match.Groups(1).Value, match.Groups(4).Value)
            For Each capture As Capture In match.Groups(5).Captures
               Console.Write(capture.Value)
            Next
            Console.WriteLine(".")
         End If 
      Next
      Console.WriteLine()

      startPos = 0
      endPos = 70
      Console.WriteLine("Attempting to match each line of an input string with '$':")
      ' Provide minimal validation in the event the input is invalid. 
      If input.Substring(startPos, endPos).Contains(",") Then
         match = Regex.Match(input, pattern, RegexOptions.Multiline)
         Do While match.Success
            Console.Write("The {0} played in the {1} in", _
                              match.Groups(1).Value, match.Groups(4).Value)
            For Each capture As Capture In match.Groups(5).Captures
               Console.Write(capture.Value)
            Next
            Console.WriteLine(".")
            startPos = match.Index + match.Length 
            endPos = CInt(IIf(startPos + 70 <= input.Length, 70, input.Length - startPos))
            If Not input.Substring(startPos, endPos).Contains(",") Then Exit Do
            match = match.NextMatch()            
         Loop
         Console.WriteLine()                               
      End If      


      startPos = 0
      endPos = 70
      pattern = basePattern + "\r?$" 
      Console.WriteLine("Attempting to match each line of an input string with '\r?$':")
      ' Provide minimal validation in the event the input is invalid. 
      If input.Substring(startPos, endPos).Contains(",") Then
         match = Regex.Match(input, pattern, RegexOptions.Multiline)
         Do While match.Success
            Console.Write("The {0} played in the {1} in", _
                              match.Groups(1).Value, match.Groups(4).Value)
            For Each capture As Capture In match.Groups(5).Captures
               Console.Write(capture.Value)
            Next
            Console.WriteLine(".")
            startPos = match.Index + match.Length 
            endPos = CInt(IIf(startPos + 70 <= input.Length, 70, input.Length - startPos))
            If Not input.Substring(startPos, endPos).Contains(",") Then Exit Do
            match = match.NextMatch()            
         Loop
         Console.WriteLine()                               
      End If       
   End Sub 
End Module 
' The example displays the following output: 
'    Attempting to match the entire input string: 
'     
'    Attempting to match each element in a string array: 
'    The Brooklyn Dodgers played in the National League in 1911, 1912, 1932-1957. 
'    The Chicago Cubs played in the National League in 1903-present.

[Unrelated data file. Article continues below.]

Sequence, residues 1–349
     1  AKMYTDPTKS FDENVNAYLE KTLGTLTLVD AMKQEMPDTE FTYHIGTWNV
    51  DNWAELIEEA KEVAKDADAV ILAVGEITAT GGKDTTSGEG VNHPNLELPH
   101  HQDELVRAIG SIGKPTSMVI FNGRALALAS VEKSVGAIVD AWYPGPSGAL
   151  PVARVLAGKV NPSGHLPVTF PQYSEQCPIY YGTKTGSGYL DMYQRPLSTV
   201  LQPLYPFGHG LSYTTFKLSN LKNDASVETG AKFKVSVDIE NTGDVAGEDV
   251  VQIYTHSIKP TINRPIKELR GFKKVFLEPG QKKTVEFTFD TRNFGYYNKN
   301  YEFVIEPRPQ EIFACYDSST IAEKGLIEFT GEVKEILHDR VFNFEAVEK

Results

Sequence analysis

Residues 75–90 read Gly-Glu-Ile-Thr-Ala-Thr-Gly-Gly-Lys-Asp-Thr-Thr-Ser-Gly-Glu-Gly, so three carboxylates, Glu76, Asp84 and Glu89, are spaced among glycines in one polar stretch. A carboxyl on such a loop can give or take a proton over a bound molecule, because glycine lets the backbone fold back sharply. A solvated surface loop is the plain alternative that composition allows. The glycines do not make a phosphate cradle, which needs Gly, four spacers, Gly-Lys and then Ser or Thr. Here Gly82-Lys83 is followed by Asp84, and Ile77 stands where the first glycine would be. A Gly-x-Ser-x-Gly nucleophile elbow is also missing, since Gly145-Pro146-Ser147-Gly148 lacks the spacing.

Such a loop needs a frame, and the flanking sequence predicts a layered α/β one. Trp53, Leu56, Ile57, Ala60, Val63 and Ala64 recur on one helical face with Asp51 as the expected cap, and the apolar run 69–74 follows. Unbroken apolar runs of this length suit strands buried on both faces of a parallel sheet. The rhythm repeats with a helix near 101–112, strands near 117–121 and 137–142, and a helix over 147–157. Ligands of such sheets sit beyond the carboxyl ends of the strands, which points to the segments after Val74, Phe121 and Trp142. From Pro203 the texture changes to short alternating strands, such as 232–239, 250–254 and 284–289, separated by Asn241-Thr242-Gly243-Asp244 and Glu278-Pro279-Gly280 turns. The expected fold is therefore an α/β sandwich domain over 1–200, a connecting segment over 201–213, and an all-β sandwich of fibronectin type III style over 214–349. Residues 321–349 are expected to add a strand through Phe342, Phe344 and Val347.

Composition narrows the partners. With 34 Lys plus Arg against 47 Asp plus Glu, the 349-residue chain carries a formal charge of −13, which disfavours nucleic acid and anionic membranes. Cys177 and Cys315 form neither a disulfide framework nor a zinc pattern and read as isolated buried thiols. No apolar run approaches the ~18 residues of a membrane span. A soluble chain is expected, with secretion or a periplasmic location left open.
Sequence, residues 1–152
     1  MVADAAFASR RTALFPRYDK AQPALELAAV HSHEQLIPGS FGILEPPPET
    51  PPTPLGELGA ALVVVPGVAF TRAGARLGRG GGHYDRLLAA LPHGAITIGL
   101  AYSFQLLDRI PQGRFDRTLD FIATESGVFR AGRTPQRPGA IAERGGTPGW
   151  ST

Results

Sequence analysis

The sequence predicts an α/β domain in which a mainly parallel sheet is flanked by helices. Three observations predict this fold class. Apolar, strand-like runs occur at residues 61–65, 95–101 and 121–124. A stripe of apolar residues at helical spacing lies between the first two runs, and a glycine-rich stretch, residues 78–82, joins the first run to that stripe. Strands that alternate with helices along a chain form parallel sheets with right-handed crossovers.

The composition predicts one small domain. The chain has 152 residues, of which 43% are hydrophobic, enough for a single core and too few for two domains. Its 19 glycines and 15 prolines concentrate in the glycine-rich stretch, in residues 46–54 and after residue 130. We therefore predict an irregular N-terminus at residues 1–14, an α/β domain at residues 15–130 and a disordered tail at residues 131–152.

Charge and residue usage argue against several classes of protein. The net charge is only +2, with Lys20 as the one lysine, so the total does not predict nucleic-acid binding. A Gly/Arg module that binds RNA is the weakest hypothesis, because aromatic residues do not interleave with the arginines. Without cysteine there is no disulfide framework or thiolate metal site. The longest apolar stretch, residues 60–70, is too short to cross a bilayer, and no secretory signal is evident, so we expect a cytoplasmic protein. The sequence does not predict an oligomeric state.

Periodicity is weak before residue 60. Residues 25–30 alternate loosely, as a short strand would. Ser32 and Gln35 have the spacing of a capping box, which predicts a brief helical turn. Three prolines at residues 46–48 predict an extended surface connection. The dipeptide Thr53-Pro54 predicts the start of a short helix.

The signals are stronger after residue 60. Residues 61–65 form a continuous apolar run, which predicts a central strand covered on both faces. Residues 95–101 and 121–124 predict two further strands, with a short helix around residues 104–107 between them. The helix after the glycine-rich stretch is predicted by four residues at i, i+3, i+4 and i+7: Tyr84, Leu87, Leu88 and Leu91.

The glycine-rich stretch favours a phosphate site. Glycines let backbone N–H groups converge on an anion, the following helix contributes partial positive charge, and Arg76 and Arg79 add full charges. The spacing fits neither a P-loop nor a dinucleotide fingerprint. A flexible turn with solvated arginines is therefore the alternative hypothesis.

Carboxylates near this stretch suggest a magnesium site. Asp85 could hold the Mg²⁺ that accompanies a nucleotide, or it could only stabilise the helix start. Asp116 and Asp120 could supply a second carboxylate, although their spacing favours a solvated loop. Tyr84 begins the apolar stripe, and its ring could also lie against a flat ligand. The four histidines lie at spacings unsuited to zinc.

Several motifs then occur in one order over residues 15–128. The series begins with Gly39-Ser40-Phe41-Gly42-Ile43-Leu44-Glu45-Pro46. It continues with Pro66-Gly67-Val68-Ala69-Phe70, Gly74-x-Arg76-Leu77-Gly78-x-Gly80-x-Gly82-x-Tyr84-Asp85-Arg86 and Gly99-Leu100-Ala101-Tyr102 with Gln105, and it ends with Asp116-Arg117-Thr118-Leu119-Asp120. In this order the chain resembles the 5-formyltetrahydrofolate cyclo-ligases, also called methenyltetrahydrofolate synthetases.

'    The Detroit Tigers played in the American League in 1901-present. 
'    The New York Giants played in the National League in 1885-1957. 
'    The Washington Senators played in the American League in 1901-1960. 
'     
'    Attempting to match each line of an input string with '$': 
'     
'    Attempting to match each line of an input string with '\r+$': 
'    The Brooklyn Dodgers played in the National League in 1911, 1912, 1932-1957. 
'    The Chicago Cubs played in the National League in 1903-present. 
'    The Detroit Tigers played in the American League in 1901-present. 
'    The New York Giants played in the National League in 1885-1957. 
'    The Washington Senators played in the American League in 1901-1960.

The \A anchor specifies that a match must occur at the beginning of the input string. It is identical to the ^ anchor, except that \A ignores the RegexOptions.Multiline option. Therefore, it can only match the start of the first line in a multiline input string.

The following example is similar to the examples for the ^ and $ anchors. It uses the \A anchor in a regular expression that extracts information about the years during which some Major League Baseball teams existed. The input string includes five lines. The call to the Regex.Matches(String, String, RegexOptions) method finds only the first substring in the input string that matches the regular expression pattern. As the example shows, the Multiline option has no effect.

Imports System.Text.RegularExpressions

Module Example
   Public Sub Main()
      Dim startPos As Integer = 0
      Dim endPos As Integer = 70
      Dim input As String = "Brooklyn Dodgers, National League, 1911, 1912, 1932-1957" + vbCrLf + _
                            "Chicago Cubs, National League, 1903-present" + vbCrLf + _
                            "Detroit Tigers, American League, 1901-present" + vbCrLf + _
                            "New York Giants, National League, 1885-1957" + vbCrLf + _
                            "Washington Senators, American League, 1901-1960" + vbCrLf  

      Dim pattern As String = "\A((\w+(\s*)){2,}),\s(\w+\s\w+),(\s\d{4}(-(\d{4}|present))*,*)+" 
      Dim match As Match

      ' Provide minimal validation in the event the input is invalid. 
      If input.Substring(startPos, endPos).Contains(",") Then
         match = Regex.Match(input, pattern, RegexOptions.Multiline)
         Do While match.Success
            Console.Write("The {0} played in the {1} in", _